sailor girlDementia with Lewy Bodies: Trying to Define a Disease

Although AD and vascular dementias have been regarded as the major dementias of late life, increased research in neurodegeneration has resulted in the identification of a dementia symptom complex characterized by rapid progression of dementia, visual hallucinations, Parkinsonism, and fluctuations in dementia severity, alertness, and attention, and it is referred to as Lewy Body Dementia.

Why is this important for the general neurologist to know? First, the above findings suggest that the second most common neurodegenerative dementia seen in a neurologist's clinical practice is DLB in some form. Second, knowledge of this syndrome can enable proper diagnosis of a dementia case with puzzling symptoms or course, and DLB is not an uncommon dementia. The symptoms, evolution, rate of cognitive change, response to therapy, and genetic risks may be different in DLB than in other neurodegenerative dementias. Some commonly used medications, such as neuroleptics, may be contraindicated in these cases. As new medications emerge for AD, the neurologist will need to know whether and how they should be given to DLB patients.

Materials and Methods

Recent neuropathologic studies found Lewy bodies (LB) in the brainstem and cortex of 15%­25% of all elderly demented patients (the largest pathologic subgroup after pure Alzheimer's disease [AD).

Formal testing is essential for establishing diagnosis, and detailed testing may reveal a deficit profile that identifies and distinguishes DLB.

Core requirements are (1) fluctuating cognition with pronounced variation in attention and alertness, (2) recurrent and detailed visual hallucinations, and (3) spontaneous motor features of parkinsonism. The presence of one core feature is required for diagnosis of possible DLB, and the presence of two core features is required for probable diagnosis.

Clinical features supportive of DLB diagnosis are:

(1) repeated falls, (2) syncope, (3) transient loss of consciousness, (4), systematized delusions, and (5) hallucinations. The identification of stroke disease, physical illness, or other brain disorder make DLB diagnosis less likely, although DLB should not be excluded simply on this basis.

The essential pathologic feature for diagnosis of DLB is the presence of Lewy bodies. Associated but not essential pathologic features are (1) Lewy-related neurites, (2) all morphologic types of plaques, (3) neurofibrillary tangles, (4) regional neuronal loss, especially brainstem (substantia nigra and locus coeruleus) and nucleus basalis of Meynert, (5) microvacuolation (spongiform change) and synapse loss, and (6) neurochemical abnormalities and neurotransmitter deficits.

What are the relevant clinical criteria for DLB that neurologists should know?

They consist of one required symptom (central feature), the presence of one (for possible DLB) or two (for probable DLB) of three clinical (core) features, and a list of six other symptoms that are supportive of the diagnosis (Table 1). The patient must have dementia meeting DSM-IV criteria. The National Institute of Neurological Communicative Disorders and Stroke-Alzeimer's Disease and Related Disorders Association (NINCDS-ADRDA) criteria [1] may be useful, but since early in DLB the dementia may not necessarily include loss of recent memory, patients could meet criteria for DLB without necessarily meeting the NINCDS-ADRDA criteria. It is for this reason that in cases where DLB is suspected, more detailed neuropsychologic testing should be done. Even in patients who do not display memory loss early, recent memory function eventually becomes significantly impaired.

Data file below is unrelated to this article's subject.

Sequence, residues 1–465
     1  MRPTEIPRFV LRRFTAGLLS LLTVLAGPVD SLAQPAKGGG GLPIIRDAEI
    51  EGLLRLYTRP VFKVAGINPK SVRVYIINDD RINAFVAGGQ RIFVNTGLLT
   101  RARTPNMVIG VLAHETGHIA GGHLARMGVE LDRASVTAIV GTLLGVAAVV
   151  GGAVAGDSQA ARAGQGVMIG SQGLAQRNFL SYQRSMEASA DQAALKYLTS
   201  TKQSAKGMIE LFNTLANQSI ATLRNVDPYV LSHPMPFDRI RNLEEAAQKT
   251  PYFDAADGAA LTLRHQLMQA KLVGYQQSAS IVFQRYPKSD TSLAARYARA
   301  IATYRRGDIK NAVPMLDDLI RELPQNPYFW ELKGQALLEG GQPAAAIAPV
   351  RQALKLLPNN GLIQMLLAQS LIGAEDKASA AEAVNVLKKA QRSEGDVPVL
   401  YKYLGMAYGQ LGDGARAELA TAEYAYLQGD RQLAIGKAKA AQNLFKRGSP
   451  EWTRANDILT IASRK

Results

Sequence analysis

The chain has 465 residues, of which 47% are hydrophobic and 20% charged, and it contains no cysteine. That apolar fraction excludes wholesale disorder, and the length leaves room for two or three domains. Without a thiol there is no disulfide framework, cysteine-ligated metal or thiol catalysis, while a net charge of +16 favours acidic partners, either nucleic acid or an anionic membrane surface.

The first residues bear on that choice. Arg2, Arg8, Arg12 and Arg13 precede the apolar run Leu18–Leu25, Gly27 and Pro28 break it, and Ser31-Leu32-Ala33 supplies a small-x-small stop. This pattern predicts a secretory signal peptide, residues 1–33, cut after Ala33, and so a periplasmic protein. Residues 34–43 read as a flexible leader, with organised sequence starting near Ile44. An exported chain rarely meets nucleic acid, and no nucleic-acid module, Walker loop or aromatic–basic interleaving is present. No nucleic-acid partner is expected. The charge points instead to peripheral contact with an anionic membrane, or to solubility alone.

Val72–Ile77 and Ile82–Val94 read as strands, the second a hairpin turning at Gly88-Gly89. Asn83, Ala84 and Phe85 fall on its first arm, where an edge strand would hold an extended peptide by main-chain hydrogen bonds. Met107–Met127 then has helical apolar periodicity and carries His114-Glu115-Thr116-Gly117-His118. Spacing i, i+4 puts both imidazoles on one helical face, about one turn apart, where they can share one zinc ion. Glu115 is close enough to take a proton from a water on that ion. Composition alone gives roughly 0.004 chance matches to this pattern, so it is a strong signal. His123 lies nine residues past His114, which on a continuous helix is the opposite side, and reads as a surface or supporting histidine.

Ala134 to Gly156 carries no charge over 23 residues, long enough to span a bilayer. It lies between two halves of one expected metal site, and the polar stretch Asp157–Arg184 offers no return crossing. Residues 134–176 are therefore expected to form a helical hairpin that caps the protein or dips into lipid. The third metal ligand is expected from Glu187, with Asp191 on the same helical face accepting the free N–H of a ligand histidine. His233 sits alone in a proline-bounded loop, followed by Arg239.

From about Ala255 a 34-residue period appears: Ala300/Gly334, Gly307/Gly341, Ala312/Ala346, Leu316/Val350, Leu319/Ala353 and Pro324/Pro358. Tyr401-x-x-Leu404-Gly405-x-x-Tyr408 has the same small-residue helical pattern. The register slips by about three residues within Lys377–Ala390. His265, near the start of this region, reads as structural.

Clinical Criteria for the Diagnosis of Dementia with Lewy Bodies (DLB): ---> Central feature
Dementia: Required for DLB diagnosis; must interfere with social and or occupational function----> Core features

1. Variation in cognition, attention, or alertness (not due to delirium or medical illness)
2. Detailed, recurrent well-formed visual hallucinations
3. Repeated falls, syncope, transient loss of consciousness,
4. Delusions or hallucinations

Comment: One of the three required for possible DLB;

Guidelines for the Clinical and Pathologic Diagnosis of Dementia with Lewy Bodies (DLB):
Article by I. G. McKeith, M.D.,* D. Galasko, M.D., K. Kosaka, M.D., E. K. Perry, D.Sc., D. W. Dickson, M.D., L. A. Hansen, M.D., D. P. Salmon, Ph.D., J. Lowe, D.M., S. S. Mirra, M.D., E. J. Byrne, M.R.C. Psych., G. Lennox, M.D., N. P. Quinn, M.D., J. A. Edwardson, Ph.D., P. G. Ince, M.D., C. Bergeron, M.D., A. Burns, M.D., B. L. Miller, M.D., S. Lovestone, M.R.C. Psych., D. Collerton, M.Sc., E. N. H. Jansen, M.D., C. Ballard, M.D., R. A. I. de Vos, M.D., G. K. Wilcock, D.M., K. A. Jellinger, M.D., and R. H. Perry, D.Sc., for the Consortium on Dementia with Lewy Bodies; Neurology 1996;47:1113­1124

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